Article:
Oakbay’s listing gives several cases where authorisation would be required: for the transformation of more than 20 hectares of land; for the construction of haul and access roads; and for the emissions coming out of the processing factory.
And, although a general water use licence exists for the overall mining site, the listing says one “may be required for activities at the Afrikaner Leases gold section”. This is the site of the old underground mine, which has since become an open-cast gold mine.
The cost of rehabilitating the mine when operations cease is also reflected on the company’s books.
The mining Act requires that companies set aside, and continually update, the money required to rehabilitate the area once operations stop.
The Oakbay listing says the total rehabilitation cost would amount to R161-million. Instead, the report says: “The current value of the Guardrisk Insurance policy held by Shiva is R62-million.”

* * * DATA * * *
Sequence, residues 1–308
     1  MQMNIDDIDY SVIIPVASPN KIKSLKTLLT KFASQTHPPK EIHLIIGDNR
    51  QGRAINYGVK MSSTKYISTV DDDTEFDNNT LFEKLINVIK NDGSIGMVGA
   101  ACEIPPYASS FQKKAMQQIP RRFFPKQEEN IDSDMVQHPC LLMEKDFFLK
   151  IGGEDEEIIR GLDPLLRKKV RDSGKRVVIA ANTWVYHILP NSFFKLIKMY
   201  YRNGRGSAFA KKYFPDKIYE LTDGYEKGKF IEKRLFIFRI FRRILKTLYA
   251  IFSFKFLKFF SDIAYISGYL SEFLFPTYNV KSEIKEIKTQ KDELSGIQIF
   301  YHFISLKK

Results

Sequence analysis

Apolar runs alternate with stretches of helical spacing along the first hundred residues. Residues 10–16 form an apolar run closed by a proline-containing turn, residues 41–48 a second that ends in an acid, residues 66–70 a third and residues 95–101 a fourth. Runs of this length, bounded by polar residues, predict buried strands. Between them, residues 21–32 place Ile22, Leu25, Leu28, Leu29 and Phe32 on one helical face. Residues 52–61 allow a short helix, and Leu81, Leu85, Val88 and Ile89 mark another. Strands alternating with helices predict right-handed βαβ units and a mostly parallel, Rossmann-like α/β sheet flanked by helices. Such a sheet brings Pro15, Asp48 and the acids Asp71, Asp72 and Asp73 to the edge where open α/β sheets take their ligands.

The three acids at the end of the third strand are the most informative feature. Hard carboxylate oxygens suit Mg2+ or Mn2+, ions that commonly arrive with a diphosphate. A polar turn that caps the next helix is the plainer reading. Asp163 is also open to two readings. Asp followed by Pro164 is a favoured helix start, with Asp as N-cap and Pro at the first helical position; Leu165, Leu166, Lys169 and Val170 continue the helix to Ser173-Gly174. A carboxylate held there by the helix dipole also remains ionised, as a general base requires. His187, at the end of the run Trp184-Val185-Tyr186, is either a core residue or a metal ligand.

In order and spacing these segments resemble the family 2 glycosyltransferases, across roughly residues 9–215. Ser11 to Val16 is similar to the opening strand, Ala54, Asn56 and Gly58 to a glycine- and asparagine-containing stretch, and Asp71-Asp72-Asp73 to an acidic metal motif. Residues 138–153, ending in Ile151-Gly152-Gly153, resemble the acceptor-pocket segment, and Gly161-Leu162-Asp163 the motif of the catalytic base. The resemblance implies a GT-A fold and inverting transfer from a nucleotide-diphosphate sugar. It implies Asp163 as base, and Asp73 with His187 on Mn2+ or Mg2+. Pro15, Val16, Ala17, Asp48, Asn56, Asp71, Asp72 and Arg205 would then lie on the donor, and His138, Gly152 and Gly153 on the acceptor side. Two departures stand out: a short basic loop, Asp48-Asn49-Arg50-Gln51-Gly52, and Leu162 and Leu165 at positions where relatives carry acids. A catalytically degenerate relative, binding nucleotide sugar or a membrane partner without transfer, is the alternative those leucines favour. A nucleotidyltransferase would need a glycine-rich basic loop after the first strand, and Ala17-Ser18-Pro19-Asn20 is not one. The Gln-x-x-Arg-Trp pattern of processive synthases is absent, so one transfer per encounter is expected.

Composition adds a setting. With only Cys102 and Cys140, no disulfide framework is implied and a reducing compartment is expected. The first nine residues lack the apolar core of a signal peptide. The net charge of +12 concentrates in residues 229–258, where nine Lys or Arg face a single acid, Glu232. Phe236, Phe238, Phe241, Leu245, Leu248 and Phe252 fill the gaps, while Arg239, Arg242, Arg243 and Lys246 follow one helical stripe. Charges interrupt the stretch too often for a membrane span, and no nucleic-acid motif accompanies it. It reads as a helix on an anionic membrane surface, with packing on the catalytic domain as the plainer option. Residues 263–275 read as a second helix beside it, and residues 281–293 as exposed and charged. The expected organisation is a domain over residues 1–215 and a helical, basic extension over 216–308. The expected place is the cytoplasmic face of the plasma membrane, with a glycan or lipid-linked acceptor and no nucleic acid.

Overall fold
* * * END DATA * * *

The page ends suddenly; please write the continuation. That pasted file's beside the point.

The environment and minerals departments did not respond to questions, but Elsabe Booysens, spokesperson for Oakbay Investments, said in response to questions that the mine had submitted an updated environmental management plan in 2012 as part of a wider Section 102 application to update its mining permit.
This took into account the “possible risk areas” that would subsequently be identified in the Competent Person’s Report in 2014. But it had not been approved by the time this report was finalised and used as part of the JSE listing. That approval only came in February 2015, she said.
“The Shiva Mine opencast mining operation is being conducted with the required environmental approvals.”
The suggestion that a Section 24G rectification be applied for was just that, she said. “The report does not recommend that Shiva Uranium apply for a rectification in terms of Section 24G, but rather poses the question that rectification may, under certain circumstance, be required.”
Given the approval this year of the updated, this was not required, she said. “The company takes its corporate social responsibility seriously, especially those relating to environmental matters.”
Shiva also receives regular inspections from the water and mineral departments and no concerns had been raised, she said.